David Rosengrant’s affinity for playing realistic video game engines like “Rollercoaster Tycoon” led him to his eventual career of teaching physics in a style that best appealed to students in high school.
Now an associate professor at USF, he hopes to encourage more individuals to teach STEM classes and engage students beyond textbooks through a proposed STEM teacher preparation initiative he’s coordinating at the St. Pete campus.
“When I was hired in 2016 to be the program coordinator for STEM Education, my initial task was to revise the degree programs we offered,” said Rosengrant. “The content was really good, but there were some logistical issues that were holding the program back a bit.”
Many of the degree programs failed to prepare teachers for diverse classroom settings, and Rosengrant took notice in 2016 along with assistant professor of mathematics Karina Hensberry. With a few setbacks along the way, they worked to develop an initiative to mold better, more resilient educators and hope to obtain funding this summer, according to Rosengrant.
“We’re training educators for the classrooms they’re going to be teaching in,” said Rosengrant. “Understanding the demographics and putting an emphasis on that form of instruction is the best way to leave an impact on students.”
The initiative is intended to positively affect both current and aspiring STEM teachers in middle and high school education by providing funding for equipment, better curriculums for degree programs for aspiring teachers and ensuring they are prepared to work with students of varying demographics and socioeconomic status.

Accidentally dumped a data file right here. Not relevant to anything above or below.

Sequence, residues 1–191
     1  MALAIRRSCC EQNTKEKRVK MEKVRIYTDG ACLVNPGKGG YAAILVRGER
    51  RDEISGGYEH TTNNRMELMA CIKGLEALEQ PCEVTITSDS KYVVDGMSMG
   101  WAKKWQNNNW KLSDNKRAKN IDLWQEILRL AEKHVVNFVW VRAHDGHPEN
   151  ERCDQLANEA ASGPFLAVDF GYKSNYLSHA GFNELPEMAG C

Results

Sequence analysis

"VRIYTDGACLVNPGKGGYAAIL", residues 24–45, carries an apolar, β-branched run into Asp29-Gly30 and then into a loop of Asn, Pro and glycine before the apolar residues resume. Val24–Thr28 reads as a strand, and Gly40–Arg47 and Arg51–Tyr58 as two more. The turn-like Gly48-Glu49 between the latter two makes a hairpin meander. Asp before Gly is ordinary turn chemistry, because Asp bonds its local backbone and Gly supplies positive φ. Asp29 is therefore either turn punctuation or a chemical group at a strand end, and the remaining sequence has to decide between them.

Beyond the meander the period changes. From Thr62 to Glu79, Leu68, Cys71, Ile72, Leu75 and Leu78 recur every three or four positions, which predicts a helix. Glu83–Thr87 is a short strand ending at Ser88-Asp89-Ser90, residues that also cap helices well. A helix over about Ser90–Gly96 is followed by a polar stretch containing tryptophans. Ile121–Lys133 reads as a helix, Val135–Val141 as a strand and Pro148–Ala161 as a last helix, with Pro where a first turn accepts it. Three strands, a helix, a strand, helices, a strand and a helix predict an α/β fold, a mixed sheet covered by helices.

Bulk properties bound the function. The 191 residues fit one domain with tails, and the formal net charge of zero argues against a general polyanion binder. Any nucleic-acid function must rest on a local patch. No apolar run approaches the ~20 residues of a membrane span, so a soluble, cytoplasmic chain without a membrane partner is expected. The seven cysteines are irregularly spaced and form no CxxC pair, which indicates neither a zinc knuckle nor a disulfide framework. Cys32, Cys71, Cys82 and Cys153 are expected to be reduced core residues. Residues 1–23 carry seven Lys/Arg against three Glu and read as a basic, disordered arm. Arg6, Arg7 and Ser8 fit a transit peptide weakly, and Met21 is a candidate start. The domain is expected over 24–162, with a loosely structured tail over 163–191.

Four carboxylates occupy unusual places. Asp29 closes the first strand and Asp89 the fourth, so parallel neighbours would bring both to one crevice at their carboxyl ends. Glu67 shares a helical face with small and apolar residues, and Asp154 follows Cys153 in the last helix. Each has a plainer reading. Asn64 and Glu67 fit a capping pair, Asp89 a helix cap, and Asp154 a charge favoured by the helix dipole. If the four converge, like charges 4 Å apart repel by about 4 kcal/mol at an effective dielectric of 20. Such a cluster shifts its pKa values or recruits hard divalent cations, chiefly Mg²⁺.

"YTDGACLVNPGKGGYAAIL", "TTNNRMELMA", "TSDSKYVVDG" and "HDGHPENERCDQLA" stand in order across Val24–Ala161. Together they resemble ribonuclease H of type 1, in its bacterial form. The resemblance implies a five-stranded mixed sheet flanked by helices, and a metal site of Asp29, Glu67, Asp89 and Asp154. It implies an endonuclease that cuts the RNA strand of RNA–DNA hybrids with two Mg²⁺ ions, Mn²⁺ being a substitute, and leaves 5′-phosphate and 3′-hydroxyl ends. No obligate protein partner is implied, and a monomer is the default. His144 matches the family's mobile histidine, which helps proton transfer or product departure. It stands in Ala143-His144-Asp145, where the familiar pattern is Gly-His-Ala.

Future STEM educators will be trained for the benefit of non-English speaking students, schools in impoverished areas and students with learning or physical disabilities, according to Rosengrant.
He admitted that most students within STEM do not intend to go into education and many leave due to low salaries and large number of classes to prepare for, so the demand for STEM teachers is always high.
“Hillsborough and Pinellas are some of the largest school districts in the country,” said Rosengrant. “They hire about 100 teachers a year in middle and secondary STEM, and about half of those teachers leave within the first couple years.”
The STEM teacher preparation initiative aims to streamline existing degree programs within the College of Education (COE) to make the master’s program more enticing for prospective STEM teachers to meet the demands of Hillsborough and Pinellas County school districts.
Interim Dean of the COE Judith Ponticell wrote a one-page report requesting $1 million in funding from the U.S. House of Representatives Appropriations Committee. If granted by the House this summer, the money will supply salary supplements for newly hired teachers, pay for the schooling of teachers pursuing master’s degrees and internships for students to experience hands-on classroom teaching.
House Rep. Kathy Castor, who represents the Florida district that includes USF, personally endorsed the proposal and is currently championing for the COE to receive the proposed money, according to Rosengrant.
While the initiative originated from the St. Pete campus, all USF campuses are intended to receive the new curriculum for master’s and undergraduate STEM educator degrees under the consolidated campus introduced last year by USF President Steven Currall.
The program has experienced several setbacks. While consolidation will ensure STEM Education students across all campuses will receive access to the curriculum, it was at first troublesome to the process.
“[Consolidation] kind of put everything on freeze because we didn’t know what was going to happen,” said Rosengrant. “Having a new dean come in [to the COE] and a pandemic were also disruptive.”
Four potential new deans have been interviewed, leaving the leadership of the initiative as of yet undecided.
With the fate of the initiative in the hands of the House of Representatives, Rosengrant is hopeful the COE will get the funding so his passion project can be implemented.
“A couple things still need to be put in place,” said Rosengrant. “But with COVID behind us, when we get the budget behind us, that’s when we can start kicking things into high gear.”